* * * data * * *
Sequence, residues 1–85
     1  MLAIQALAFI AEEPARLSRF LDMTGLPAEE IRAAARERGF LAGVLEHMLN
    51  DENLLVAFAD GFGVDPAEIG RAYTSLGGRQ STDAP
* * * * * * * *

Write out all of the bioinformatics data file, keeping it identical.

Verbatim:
Sequence, residues 1–85
     1  MLAIQALAFI AEEPARLSRF LDMTGLPAEE IRAAARERGF LAGVLEHMLN
    51  DENLLVAFAD GFGVDPAEIG RAYTSLGGRQ STDAP